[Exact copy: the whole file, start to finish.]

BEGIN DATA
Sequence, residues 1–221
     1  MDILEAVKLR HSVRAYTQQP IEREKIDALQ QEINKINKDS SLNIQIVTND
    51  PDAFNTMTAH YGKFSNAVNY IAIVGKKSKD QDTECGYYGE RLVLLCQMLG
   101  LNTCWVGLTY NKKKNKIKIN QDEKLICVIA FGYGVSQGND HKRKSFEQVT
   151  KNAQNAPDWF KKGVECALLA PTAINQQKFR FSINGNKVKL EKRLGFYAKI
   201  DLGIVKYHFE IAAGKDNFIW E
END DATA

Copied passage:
Sequence, residues 1–221
     1  MDILEAVKLR HSVRAYTQQP IEREKIDALQ QEINKINKDS SLNIQIVTND
    51  PDAFNTMTAH YGKFSNAVNY IAIVGKKSKD QDTECGYYGE RLVLLCQMLG
   101  LNTCWVGLTY NKKKNKIKIN QDEKLICVIA FGYGVSQGND HKRKSFEQVT
   151  KNAQNAPDWF KKGVECALLA PTAINQQKFR FSINGNKVKL EKRLGFYAKI
   201  DLGIVKYHFE IAAGKDNFIW E